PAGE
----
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The Leading Facts of English History

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Published: 1887
Language: English
Wordcount: 179,433 / 546 pg
Flesch-Kincaid Reading Ease: 67.2
LoC Category: D
Downloads: 483
Added to site: 2006.04.06 13378
Genre: History

s and fruits which now form an indispensable part of "our daily bread."

Finally, through their incessant struggles with nature, and incessant wars among themselves, those rude tribes learned to establish forms of self-government for towns or larger districts. Many of their salutary customs--their unwritten laws--still make themselves felt in the world.[1] They help bind the English nation together. They do even more than that, for their influence can be traced in the history of newer nations, which, like the American republic, have descended from the great mother-countries of Europe.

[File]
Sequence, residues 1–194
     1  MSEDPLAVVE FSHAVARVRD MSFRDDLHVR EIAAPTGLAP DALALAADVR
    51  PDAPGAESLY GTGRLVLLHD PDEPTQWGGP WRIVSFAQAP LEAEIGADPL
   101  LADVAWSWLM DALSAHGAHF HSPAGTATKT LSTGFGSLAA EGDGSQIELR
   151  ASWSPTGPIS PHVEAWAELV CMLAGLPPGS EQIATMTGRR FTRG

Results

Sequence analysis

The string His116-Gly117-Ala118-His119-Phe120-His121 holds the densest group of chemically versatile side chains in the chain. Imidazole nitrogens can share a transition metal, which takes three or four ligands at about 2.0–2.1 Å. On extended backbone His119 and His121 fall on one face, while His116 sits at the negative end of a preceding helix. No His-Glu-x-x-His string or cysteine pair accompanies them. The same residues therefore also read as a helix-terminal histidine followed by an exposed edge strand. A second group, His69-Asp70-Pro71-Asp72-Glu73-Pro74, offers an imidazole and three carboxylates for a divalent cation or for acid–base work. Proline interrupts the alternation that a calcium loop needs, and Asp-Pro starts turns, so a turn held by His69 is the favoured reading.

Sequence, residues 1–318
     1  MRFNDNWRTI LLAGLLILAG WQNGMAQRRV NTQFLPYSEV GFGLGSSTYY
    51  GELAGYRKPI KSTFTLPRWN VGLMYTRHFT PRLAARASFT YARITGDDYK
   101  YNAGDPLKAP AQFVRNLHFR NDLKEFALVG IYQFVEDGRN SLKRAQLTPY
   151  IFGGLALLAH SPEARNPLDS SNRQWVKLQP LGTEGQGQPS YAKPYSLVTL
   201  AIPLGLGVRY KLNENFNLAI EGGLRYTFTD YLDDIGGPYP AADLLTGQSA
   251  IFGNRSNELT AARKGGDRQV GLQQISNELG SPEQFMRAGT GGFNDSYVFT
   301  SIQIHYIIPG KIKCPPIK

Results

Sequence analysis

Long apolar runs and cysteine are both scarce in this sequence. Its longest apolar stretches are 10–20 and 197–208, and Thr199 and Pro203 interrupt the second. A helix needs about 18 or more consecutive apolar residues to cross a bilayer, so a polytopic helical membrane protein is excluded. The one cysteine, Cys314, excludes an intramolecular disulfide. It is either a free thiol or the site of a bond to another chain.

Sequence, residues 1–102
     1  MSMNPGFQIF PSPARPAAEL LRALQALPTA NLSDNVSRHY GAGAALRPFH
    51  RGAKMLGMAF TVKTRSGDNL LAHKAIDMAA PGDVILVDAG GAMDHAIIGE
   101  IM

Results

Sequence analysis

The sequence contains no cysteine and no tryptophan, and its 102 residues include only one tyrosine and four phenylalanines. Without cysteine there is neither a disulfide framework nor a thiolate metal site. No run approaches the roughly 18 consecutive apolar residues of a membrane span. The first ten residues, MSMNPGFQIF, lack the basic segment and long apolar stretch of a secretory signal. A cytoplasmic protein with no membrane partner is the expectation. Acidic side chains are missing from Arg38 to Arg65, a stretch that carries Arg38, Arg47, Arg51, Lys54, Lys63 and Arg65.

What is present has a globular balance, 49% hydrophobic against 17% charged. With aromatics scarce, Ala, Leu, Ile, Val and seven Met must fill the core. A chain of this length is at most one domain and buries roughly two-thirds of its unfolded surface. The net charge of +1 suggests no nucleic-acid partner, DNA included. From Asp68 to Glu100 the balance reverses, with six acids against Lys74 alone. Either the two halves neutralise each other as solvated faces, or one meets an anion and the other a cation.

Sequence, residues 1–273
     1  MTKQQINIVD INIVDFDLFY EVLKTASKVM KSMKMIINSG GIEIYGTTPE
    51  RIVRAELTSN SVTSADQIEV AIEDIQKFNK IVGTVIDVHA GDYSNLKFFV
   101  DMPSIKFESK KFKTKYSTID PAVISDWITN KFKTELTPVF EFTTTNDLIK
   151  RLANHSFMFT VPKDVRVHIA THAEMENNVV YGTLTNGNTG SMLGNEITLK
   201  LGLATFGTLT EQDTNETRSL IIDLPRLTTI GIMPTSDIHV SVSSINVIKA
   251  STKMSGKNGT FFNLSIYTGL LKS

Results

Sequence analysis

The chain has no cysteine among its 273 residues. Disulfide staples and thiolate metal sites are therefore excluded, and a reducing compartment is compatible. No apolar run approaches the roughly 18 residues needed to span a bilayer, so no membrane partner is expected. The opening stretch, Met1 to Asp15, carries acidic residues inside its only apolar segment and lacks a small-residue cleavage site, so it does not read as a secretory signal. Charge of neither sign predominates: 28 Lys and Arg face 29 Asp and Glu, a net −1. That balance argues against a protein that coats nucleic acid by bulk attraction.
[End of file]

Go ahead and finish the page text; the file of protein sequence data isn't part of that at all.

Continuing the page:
[1] For example, parts of the "Common Law" can be traced back, through English "dooms" (decisions or laws), to prehistoric times. See E. A. Freeman in the Encyclopaedia Britannica (10th edition, VIII, 276). The New England "Town Meeting" can be likewise traced back to the German ancestors of the Anglo-Saxons.

[Figures: Carved bone, flint dagger, and bronze spearhead]


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Brian Blose is a software developer and army veteran who enjoys reading and writing fiction that contains flawed heroes, unreliable narrators and moral dilemmas. His book, The Participants, is no exception and had readers glued to the story until the very last page. As our author of the day, Blose chats about the Heinsenberg uncertainty principle, how TV shows from the 90s inspired this book and gives us some behind-the-scenes insights in the creation of The Participants.
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